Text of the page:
Scientists hope the research could help tackle sleep disorders
Our internal body clocks are shaped by the weather as well as by the seasons, scientists have discovered.
Researchers used computers to model the workings of internal biological clocks.
They found the mechanism had to be so complicated because it was able to deal with varying amounts of light from hour to hour, as well as changing seasons.
It is hoped the research, led by a team from Edinburgh University, could help tackle sleep problems caused by jet lag and shift working.
The researchers said the findings gave them a greater understanding of what drives the internal rhythms of people, animals and plants.
Environmental signals, such as hours of daylight, affect the daily rhythms which many plants use to control flowering and ripening.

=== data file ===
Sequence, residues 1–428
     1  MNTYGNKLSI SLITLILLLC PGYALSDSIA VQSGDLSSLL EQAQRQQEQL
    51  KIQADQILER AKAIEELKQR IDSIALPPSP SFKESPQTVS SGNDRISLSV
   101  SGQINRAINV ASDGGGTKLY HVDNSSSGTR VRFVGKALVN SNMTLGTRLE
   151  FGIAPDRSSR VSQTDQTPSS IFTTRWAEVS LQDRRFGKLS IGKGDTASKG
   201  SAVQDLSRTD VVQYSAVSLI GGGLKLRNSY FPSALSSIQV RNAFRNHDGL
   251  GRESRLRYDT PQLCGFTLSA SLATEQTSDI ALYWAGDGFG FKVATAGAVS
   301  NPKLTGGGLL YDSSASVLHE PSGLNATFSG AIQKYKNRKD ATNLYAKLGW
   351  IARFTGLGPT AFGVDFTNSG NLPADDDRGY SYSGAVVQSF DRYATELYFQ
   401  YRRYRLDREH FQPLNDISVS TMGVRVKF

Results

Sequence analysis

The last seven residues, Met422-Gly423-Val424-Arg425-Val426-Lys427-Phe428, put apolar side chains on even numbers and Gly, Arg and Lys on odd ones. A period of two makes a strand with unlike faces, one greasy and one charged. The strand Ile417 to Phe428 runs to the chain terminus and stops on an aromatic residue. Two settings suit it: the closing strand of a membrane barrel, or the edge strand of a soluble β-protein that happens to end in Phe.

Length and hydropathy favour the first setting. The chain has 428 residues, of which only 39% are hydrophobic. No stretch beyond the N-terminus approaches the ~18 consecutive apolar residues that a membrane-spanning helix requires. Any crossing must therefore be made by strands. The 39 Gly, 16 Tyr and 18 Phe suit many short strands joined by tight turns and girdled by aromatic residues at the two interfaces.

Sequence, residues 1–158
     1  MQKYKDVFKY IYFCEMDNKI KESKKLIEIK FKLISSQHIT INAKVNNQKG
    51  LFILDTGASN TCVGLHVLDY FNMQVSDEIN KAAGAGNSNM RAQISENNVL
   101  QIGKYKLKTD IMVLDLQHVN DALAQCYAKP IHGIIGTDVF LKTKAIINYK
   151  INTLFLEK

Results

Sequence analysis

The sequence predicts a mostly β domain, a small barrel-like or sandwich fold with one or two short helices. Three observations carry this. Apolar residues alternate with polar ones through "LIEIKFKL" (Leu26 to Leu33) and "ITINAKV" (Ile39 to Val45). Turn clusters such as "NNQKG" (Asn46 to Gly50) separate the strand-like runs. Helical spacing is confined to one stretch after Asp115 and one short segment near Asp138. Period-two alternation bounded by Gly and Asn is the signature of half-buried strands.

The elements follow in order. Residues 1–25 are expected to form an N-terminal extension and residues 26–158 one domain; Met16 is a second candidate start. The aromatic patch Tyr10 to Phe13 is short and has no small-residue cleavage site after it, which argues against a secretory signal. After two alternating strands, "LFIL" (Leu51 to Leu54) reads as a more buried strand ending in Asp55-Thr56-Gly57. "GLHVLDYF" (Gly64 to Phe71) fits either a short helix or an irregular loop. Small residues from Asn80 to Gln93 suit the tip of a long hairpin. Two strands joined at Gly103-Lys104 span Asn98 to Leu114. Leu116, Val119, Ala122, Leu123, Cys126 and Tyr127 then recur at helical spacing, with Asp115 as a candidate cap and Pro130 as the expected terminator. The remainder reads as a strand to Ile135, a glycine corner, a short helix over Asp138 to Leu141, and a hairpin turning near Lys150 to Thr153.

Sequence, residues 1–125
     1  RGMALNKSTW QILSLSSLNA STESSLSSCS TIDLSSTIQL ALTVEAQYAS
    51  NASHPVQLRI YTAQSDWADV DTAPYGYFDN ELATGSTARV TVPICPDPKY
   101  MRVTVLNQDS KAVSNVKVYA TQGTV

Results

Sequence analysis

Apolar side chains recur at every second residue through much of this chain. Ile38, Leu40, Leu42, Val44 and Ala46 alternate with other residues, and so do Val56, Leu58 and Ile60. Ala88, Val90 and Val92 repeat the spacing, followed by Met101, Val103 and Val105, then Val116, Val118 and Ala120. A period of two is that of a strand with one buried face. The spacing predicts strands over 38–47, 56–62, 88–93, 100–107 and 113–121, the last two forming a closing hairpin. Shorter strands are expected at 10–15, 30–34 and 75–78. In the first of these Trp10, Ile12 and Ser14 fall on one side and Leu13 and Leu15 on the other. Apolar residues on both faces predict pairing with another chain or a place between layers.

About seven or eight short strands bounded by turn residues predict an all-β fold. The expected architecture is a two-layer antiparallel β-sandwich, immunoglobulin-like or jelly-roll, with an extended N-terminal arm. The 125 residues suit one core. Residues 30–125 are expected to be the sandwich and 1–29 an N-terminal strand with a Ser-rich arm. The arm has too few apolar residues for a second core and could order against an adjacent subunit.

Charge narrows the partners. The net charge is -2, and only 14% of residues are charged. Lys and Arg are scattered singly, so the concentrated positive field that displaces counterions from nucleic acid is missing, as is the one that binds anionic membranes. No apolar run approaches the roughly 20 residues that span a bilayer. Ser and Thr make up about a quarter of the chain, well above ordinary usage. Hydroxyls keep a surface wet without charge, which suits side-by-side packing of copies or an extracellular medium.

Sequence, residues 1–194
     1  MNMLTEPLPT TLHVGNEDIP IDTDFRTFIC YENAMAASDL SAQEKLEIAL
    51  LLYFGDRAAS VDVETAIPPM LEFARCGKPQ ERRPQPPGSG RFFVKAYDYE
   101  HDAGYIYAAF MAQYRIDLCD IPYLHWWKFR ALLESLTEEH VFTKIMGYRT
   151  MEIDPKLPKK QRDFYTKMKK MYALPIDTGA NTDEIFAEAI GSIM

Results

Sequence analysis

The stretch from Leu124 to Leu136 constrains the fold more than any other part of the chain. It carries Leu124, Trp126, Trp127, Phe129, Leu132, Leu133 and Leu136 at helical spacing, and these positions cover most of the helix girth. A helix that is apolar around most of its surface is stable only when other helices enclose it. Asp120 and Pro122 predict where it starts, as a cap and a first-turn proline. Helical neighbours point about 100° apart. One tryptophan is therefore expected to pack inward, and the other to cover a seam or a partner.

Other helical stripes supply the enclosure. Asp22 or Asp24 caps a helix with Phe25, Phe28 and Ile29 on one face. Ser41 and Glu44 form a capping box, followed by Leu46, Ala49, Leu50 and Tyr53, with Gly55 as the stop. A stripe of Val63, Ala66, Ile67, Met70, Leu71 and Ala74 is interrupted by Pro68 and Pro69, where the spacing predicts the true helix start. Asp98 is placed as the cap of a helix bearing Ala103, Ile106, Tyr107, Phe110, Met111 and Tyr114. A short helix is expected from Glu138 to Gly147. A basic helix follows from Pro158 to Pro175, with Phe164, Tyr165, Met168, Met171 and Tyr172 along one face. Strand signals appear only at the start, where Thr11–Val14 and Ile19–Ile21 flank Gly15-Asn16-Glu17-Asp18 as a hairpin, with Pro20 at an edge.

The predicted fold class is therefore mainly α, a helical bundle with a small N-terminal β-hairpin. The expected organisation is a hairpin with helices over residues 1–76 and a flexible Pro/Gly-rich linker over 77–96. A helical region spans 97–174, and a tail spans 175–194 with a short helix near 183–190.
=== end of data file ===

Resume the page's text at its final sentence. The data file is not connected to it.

The findings may also help scientists develop crops that can cope with climate change.
The study was led by the University of Edinburgh, and involved researchers from the California Institute of Technology and the University of Warwick.
Dr Carl Troein, of the University of Edinburgh's School of Biological Sciences, said: "By better understanding why biological clocks are so complex, we stand a better chance of controlling them.
"Our study goes some way to explaining how and why these in-built rhythms have developed. We hope it will be useful in informing treatments for sleep disorders as well as helping scientists develop crops that can survive in the long term."
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